‘Bold shift in direction’: How young people will get jobs in 2025

The national education system will need to undergo a “bold shift in direction” if high school graduates are to be job-ready for a post-pandemic world, a new review has found.

The ATAR model is no longer enough to equip students with the skills they need, and teachers are frustrated by the way it narrows the scope of what they can teach, according to a review of secondary pathways into work.

Students leaving school to enter the workforce have to be more than merely “employable”, the review’s final report said.

“They need to be adaptable, flexible and confident. Education must provide students with the essential attributes they require for lifelong learning in whatever fields of endeavour they may choose.”

“Substantive change is needed, but there is no easy solution. There is no national panacea.”

ATAR, which sees a student’s entire high school career summed up in a single figure, cannot be seen as the only measure of success.

“Academic achievement is important but not the sole reason for schooling. We need to focus more on preparing the whole person, no matter what career path they choose.

“The professional and applied skills they need will change significantly over their lives. The jobs they do will be transformed. Some, driven by entrepreneurial ambition, will want to set up their own businesses. Most will switch careers.”

The skills Aussie school graduates should have: panel

According to the panel review, the national education system needs to meet a range of critical outcomes, including equipping students with ‘essential skills’ of literacy, numeracy and digital proficiency skills, as well as employability skills, creativity, entrepreneurial capability, financial and interpersonal skills.

School leavers should be provided with a ‘learner profile’ that identifies their skills, knowledge and experience both in and outside the classroom.

Students should also be given the chance to explore all education and work prospects, and be well-informed of these options. Career guidance should also be doubled down on, with advice to be regular, more intensive, and extend beyond school years.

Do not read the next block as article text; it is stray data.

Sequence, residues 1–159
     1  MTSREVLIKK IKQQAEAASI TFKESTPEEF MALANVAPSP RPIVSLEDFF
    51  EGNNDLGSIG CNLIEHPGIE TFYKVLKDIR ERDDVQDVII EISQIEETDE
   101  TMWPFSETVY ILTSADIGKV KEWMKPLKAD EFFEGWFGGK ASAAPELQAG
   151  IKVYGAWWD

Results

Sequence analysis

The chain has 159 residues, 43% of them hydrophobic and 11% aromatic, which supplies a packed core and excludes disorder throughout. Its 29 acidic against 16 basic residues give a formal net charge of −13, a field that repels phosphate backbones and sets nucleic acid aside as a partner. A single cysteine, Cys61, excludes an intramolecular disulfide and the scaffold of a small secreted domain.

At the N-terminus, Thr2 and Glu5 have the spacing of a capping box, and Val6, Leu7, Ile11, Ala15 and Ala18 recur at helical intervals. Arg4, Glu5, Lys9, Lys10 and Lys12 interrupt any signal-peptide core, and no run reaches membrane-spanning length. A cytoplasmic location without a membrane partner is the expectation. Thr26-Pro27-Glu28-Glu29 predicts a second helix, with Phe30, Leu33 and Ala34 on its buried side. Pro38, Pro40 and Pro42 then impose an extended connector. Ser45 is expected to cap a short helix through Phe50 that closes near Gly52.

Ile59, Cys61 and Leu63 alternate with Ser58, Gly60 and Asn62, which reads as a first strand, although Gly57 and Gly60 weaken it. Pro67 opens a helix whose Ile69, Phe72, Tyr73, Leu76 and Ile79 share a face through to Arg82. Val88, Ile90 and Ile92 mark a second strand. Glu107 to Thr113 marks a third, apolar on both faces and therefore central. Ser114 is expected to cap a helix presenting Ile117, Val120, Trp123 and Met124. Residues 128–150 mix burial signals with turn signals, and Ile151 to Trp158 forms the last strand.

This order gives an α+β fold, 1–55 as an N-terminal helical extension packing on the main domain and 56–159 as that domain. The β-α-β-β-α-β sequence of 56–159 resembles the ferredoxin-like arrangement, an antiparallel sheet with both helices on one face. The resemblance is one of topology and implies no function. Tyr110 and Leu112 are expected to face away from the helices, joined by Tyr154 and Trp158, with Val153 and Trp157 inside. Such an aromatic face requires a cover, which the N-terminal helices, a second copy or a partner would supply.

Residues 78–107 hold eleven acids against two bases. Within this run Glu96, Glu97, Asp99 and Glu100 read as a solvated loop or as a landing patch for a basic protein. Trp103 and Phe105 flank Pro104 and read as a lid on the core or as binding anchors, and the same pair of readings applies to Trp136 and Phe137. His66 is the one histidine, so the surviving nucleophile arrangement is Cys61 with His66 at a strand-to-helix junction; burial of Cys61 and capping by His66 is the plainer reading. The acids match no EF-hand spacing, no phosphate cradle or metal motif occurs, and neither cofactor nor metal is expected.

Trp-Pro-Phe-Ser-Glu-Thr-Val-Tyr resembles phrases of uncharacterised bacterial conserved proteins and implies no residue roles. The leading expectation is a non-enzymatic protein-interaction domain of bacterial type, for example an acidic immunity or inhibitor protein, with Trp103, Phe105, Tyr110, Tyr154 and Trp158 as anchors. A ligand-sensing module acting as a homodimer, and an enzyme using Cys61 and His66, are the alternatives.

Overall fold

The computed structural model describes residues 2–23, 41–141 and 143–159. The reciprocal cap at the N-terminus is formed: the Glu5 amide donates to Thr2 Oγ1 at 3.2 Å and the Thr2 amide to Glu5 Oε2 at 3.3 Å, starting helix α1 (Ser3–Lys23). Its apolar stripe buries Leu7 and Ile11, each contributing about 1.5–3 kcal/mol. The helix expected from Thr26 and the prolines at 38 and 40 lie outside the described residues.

Schools must develop strong relationships with industries, with a strong focus on collaborating with local businesses and employers.

The review also proposed an ‘education passport’ that would communicate a student’s education, skills and qualification as they move through their career.

In the proposed reform, all students should have equal opportunities for success, meaning students from disadvantaged backgrounds should be offered targeted support.

“Young people will be encouraged to stay in school until they have completed Year 12.”

A one-size-fits-all learning environment should be scrapped, and digital micro-credentials and short courses should be made available to students.

Finally, the government should make decisions on policy that is based on evidence and data.

Reform of the education system could not wait until the Covid-19 crisis was over, the review said.

“Rather, we argue that both the need and the opportunity for significant change is now even greater. Reform can become part of the ‘new normal’.

“Schools, principals and teachers have exhibited their extraordinary capacity for flexibility and resilience. They are up for the challenge.”

Article from: au.finance.yahoo.com